Mozambique-Humanitarian-Crisis

Aid workers warn of dire humanitarian crisis in Mozambique

APA-Maputo (Mozambique)

Aid workers have warned of a worsening humanitarian crisis in Mozambique amid fears that the annual tropical storm cycle could fuel an already dire situation caused by a four-year-old armed insurgency.

Doctors Without Borders said residents of Mozambique’s Cabo Delgado province face an uncertain next few months due to a recent surge in violence that “has displaced thousands of people and left them with precarious access to medical care.”  

“To make matters worse, the country – one of the most at risk for extreme weather events – is heading into its annual tropical storm cycle, facing an increased risk of life-threatening disease outbreaks,” the agency said. 

The first tropical storm of the season – Tropical Storm Ana – made landfall in Mozambique’s Nampula and Tete provinces on January 24, while another extreme weather event called Storm Batsirai is on its way. Batsirai is expected to be a Category 3 or 4 cyclone and has already torn through Mauritius and Reunion.

Local authorities have reported a surge in violent attacks by insurgents in recent weeks, with more than 20 attacks on four villages since the end of January that resulted in 2,800 homes damaged or destroyed by fire.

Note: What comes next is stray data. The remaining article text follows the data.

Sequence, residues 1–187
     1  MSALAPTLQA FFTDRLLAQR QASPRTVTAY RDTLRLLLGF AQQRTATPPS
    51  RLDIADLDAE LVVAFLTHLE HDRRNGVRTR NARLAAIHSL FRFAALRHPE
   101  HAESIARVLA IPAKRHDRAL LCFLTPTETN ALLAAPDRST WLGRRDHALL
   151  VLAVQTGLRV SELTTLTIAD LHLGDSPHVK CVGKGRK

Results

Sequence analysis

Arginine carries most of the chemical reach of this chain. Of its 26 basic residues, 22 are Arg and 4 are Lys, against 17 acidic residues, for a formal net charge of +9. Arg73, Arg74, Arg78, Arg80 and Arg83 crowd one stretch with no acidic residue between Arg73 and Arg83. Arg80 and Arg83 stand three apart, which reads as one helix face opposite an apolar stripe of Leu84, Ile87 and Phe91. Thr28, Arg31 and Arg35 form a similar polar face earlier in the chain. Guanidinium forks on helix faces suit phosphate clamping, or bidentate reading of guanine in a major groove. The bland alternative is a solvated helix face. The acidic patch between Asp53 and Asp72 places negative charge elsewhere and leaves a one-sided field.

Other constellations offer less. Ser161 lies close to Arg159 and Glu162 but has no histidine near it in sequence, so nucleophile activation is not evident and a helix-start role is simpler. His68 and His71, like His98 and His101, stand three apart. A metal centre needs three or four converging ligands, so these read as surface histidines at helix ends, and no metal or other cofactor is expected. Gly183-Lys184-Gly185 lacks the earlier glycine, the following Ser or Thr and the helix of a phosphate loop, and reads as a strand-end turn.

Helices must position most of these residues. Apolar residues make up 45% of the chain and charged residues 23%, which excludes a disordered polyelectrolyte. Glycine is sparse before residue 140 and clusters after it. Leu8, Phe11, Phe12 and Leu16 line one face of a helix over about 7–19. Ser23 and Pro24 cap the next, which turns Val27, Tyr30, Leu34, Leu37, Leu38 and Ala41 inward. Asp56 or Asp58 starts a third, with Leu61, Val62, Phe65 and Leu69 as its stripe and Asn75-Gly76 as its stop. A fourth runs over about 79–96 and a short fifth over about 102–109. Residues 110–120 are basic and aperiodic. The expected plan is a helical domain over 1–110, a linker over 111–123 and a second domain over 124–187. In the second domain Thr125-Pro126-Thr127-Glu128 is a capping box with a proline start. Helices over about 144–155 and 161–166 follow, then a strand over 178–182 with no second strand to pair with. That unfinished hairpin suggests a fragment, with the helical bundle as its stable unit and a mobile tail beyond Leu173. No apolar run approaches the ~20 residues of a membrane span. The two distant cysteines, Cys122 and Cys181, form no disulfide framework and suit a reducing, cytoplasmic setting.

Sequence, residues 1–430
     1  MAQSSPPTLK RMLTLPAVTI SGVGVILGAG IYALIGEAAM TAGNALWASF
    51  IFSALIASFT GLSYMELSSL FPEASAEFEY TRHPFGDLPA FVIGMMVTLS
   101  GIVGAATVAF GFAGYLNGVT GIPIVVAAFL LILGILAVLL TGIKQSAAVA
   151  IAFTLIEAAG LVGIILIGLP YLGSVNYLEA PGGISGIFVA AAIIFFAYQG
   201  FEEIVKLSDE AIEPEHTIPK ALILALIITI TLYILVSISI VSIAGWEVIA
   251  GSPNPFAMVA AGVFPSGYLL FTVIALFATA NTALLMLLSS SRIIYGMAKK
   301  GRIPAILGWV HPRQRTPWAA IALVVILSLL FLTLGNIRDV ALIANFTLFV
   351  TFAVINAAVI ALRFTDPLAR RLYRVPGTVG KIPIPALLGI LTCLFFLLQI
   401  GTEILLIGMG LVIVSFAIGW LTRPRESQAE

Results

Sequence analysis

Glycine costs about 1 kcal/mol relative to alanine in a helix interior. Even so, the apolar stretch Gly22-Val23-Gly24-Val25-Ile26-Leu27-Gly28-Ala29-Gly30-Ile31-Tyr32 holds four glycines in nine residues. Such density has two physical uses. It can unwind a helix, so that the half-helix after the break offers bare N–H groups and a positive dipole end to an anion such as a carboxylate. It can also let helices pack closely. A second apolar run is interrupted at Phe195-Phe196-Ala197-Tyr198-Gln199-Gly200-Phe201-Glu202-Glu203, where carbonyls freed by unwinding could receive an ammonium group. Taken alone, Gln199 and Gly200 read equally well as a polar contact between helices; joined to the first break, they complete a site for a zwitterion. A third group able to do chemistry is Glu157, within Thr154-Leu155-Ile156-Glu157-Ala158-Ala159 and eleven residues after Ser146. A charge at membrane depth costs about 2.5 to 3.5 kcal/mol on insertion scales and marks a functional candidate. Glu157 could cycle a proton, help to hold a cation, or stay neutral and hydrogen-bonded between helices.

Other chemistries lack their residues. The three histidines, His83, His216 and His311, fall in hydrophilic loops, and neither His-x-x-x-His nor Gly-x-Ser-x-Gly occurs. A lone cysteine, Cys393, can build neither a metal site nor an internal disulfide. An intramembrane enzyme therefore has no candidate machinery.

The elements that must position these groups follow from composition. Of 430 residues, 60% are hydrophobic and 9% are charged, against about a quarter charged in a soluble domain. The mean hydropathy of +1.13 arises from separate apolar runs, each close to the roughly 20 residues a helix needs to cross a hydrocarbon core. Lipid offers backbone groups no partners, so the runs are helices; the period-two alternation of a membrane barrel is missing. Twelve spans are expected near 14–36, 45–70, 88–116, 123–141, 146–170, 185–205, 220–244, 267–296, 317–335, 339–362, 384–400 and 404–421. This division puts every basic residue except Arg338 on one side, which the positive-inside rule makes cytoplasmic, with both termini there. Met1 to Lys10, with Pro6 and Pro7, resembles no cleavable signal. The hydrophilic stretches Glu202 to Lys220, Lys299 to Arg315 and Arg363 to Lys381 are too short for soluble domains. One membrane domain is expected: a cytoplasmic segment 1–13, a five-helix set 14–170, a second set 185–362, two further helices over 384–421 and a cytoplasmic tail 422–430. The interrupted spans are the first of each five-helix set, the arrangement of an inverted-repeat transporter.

Since late January, more than 14,000 people have been forced to leave their homes and are now in search of safety and the basic means of survival.

Doctors Without Borders head of emergency unit Raphael Veicht the violent attacks and ongoing insecurity in several districts of central Cabo Delgado have driven thousands of people from their homes “with nothing but what they can carry at the very moment the cyclone and rainy season is setting in.” 

“This is a very dangerous combination. We are extremely concerned about the protection of civilians within this acute and escalating conflict,” Veicht said

Most of the villages where the displaced families are escaping to in search of safety lack the basic infrastructure to sustain so many people, especially clean water, shelter and access to medical care.

JN/APA

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